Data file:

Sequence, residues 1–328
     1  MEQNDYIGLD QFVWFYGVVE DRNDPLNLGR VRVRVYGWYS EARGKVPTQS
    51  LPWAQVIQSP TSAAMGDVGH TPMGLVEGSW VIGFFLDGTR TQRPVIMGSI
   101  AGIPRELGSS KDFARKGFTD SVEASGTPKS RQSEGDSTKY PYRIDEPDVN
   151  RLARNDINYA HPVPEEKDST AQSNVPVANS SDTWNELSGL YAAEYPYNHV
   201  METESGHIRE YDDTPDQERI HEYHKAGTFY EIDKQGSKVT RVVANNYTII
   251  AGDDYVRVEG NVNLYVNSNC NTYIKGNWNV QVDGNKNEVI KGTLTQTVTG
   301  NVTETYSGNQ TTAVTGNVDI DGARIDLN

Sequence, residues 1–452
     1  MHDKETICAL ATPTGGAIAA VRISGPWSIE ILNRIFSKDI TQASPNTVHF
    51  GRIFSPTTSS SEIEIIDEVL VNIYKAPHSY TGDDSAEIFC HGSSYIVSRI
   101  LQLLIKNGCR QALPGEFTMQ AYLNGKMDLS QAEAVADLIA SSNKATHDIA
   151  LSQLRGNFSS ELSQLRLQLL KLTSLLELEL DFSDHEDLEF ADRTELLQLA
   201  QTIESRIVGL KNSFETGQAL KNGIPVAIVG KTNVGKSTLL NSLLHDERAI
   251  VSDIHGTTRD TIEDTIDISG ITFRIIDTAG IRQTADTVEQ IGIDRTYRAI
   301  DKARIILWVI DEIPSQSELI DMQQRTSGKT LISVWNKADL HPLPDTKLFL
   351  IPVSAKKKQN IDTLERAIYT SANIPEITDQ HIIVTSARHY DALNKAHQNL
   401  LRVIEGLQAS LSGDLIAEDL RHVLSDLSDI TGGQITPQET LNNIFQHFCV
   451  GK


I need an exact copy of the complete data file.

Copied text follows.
Sequence, residues 1–328
     1  MEQNDYIGLD QFVWFYGVVE DRNDPLNLGR VRVRVYGWYS EARGKVPTQS
    51  LPWAQVIQSP TSAAMGDVGH TPMGLVEGSW VIGFFLDGTR TQRPVIMGSI
   101  AGIPRELGSS KDFARKGFTD SVEASGTPKS RQSEGDSTKY PYRIDEPDVN
   151  RLARNDINYA HPVPEEKDST AQSNVPVANS SDTWNELSGL YAAEYPYNHV
   201  METESGHIRE YDDTPDQERI HEYHKAGTFY EIDKQGSKVT RVVANNYTII
   251  AGDDYVRVEG NVNLYVNSNC NTYIKGNWNV QVDGNKNEVI KGTLTQTVTG
   301  NVTETYSGNQ TTAVTGNVDI DGARIDLN

Sequence, residues 1–452
     1  MHDKETICAL ATPTGGAIAA VRISGPWSIE ILNRIFSKDI TQASPNTVHF
    51  GRIFSPTTSS SEIEIIDEVL VNIYKAPHSY TGDDSAEIFC HGSSYIVSRI
   101  LQLLIKNGCR QALPGEFTMQ AYLNGKMDLS QAEAVADLIA SSNKATHDIA
   151  LSQLRGNFSS ELSQLRLQLL KLTSLLELEL DFSDHEDLEF ADRTELLQLA
   201  QTIESRIVGL KNSFETGQAL KNGIPVAIVG KTNVGKSTLL NSLLHDERAI
   251  VSDIHGTTRD TIEDTIDISG ITFRIIDTAG IRQTADTVEQ IGIDRTYRAI
   301  DKARIILWVI DEIPSQSELI DMQQRTSGKT LISVWNKADL HPLPDTKLFL
   351  IPVSAKKKQN IDTLERAIYT SANIPEITDQ HIIVTSARHY DALNKAHQNL
   401  LRVIEGLQAS LSGDLIAEDL RHVLSDLSDI TGGQITPQET LNNIFQHFCV
   451  GK